I was once told when stopped that I “don’t look like a legislator” and thus need additional screening. After that incident I they clarified that it was because I looked “too young.” I’m not the youngest legislator in the OH General Assembly.— Emilia Sykes (@EmiliaSykesOH) May 31, 2018
An African-American lawmaker in Ohio has come with her account where she claimed she had been a victim of racial discrimination by statehouse security.
Rep. Emilia Sykes (D-Akron) of Ohio's 34th district in Summit County recounted incidents where she was reportedly stopped at the entrance of the statehouse building multiple times. She added security at the building stopped her despite the fact that she displayed her badge at all times.
“I was able to get in but not after being told that my ID wasn't visible enough and I needed to stop and prove myself, even though I did what I and others always do,” she said in a tweet.
The 34-year-old lawmaker added she even had to go through additional screenings, however, her white colleagues easily walked past security without getting checked.
In another incident that took place in Feb. 2017, she said as she was walked into the building with a white colleague, statehouse security stopped her and told her they wanted to search her bag.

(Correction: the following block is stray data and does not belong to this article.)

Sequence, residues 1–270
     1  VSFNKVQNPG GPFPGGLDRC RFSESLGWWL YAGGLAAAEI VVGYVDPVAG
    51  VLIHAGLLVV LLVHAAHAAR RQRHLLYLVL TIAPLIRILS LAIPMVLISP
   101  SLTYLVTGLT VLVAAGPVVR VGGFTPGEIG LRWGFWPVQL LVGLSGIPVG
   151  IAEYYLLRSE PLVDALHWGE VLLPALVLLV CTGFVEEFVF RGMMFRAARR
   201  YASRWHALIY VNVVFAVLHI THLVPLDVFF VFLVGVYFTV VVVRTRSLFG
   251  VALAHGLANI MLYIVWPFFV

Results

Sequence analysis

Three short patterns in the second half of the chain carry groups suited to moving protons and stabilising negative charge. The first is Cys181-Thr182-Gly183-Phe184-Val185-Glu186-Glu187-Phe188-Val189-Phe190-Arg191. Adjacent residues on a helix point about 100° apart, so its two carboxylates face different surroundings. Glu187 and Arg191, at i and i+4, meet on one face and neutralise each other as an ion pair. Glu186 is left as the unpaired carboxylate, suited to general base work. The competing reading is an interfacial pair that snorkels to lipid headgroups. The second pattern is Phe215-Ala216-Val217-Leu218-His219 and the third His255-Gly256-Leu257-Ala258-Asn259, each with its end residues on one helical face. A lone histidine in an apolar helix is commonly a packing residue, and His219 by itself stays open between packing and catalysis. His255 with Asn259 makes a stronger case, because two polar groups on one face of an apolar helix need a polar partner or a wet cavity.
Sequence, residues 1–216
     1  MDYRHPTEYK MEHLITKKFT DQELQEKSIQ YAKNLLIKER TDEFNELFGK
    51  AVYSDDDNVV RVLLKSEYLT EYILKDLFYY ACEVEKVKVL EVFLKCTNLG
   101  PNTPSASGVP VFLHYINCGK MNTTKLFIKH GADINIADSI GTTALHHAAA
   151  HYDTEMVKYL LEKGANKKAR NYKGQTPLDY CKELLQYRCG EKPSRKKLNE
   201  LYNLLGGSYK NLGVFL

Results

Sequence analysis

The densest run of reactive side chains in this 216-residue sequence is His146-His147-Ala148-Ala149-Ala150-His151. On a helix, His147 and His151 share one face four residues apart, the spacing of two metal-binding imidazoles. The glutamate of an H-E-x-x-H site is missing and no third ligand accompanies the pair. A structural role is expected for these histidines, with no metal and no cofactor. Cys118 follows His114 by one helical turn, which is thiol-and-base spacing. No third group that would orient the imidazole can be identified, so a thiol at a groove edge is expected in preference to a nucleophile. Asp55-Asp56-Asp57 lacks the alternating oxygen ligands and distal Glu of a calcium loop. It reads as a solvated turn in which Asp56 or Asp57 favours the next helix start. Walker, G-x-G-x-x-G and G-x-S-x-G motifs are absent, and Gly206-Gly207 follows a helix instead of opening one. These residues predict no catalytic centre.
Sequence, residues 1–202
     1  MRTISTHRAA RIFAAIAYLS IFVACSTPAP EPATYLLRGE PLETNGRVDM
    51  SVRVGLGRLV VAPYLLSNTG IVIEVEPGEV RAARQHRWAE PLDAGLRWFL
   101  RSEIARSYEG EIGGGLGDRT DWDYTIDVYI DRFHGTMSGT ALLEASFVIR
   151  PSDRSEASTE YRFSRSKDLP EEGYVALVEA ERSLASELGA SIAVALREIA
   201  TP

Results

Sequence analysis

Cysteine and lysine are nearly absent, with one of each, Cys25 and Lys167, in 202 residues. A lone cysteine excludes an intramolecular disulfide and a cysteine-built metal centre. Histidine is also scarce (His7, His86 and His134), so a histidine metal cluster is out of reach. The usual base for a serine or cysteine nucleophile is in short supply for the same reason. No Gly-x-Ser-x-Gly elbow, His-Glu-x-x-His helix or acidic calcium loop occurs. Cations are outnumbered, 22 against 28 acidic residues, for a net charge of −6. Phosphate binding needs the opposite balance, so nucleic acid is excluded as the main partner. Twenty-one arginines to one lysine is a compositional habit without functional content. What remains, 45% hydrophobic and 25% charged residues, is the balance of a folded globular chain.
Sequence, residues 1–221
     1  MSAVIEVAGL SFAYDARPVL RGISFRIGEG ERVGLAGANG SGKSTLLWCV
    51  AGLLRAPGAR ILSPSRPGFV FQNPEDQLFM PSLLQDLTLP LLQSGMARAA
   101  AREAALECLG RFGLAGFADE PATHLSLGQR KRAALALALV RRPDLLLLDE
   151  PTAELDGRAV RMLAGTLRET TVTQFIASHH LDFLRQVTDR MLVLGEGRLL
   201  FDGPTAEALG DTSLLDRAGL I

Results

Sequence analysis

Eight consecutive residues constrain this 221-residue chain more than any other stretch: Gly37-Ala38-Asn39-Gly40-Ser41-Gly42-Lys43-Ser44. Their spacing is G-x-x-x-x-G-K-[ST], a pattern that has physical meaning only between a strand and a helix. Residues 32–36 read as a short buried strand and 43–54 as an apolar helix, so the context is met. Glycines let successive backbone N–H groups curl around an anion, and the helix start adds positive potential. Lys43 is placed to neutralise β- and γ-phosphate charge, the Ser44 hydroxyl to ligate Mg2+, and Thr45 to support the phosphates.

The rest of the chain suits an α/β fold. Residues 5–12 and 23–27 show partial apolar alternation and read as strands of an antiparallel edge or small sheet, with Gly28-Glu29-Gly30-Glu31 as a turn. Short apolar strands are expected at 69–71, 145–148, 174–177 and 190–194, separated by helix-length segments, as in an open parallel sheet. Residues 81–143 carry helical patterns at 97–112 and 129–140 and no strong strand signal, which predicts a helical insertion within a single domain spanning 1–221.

Sykes colleague told the security officer that she was a state lawmaker and didn’t have to get searched. However, the guard said “he didn’t care who she was.” Minutes later, the guard let her go without searching her bag.
The Democratic lawmaker added she asked the guard the reason behind the action because she wanted clarification. She said security officers told her they stopped her because “she didn’t look like a legislator” and later claimed they made the remark because Sykes “looked too young.”
“I showed my badge, I had my lapel pin on, I pointed at it and asked if I could get through without being searched. The answer was, emphatically, no. I wasn’t hiding anything, but that was not the rule as far as I understood it to be. I was not going to let my personal affects be searched,” she said.
Sykes later reached out to Ohio State Highway Patrol, as it monitors statehouse security, and complained about the discriminatory incident.
A representative of the agency got back to her and apologized for the incident. The spokesperson added the guard was new which is why the incident occurred.
“I followed every rule that they had, and even a couple extras, and still that was not enough. What else do I have to do to prove to you or show to you that I’m allowed to be here? If it’s totally upon my looks, I mean, give me a break. That can’t be how we determine who does and does not have access to leadership,” she added.
Racism related incidents have spiked since President Donald Trump assumed office. So much so, that even a lawmaker is asked to prove identity.
Banner/Thumbnail Credits: ohiohouse.gov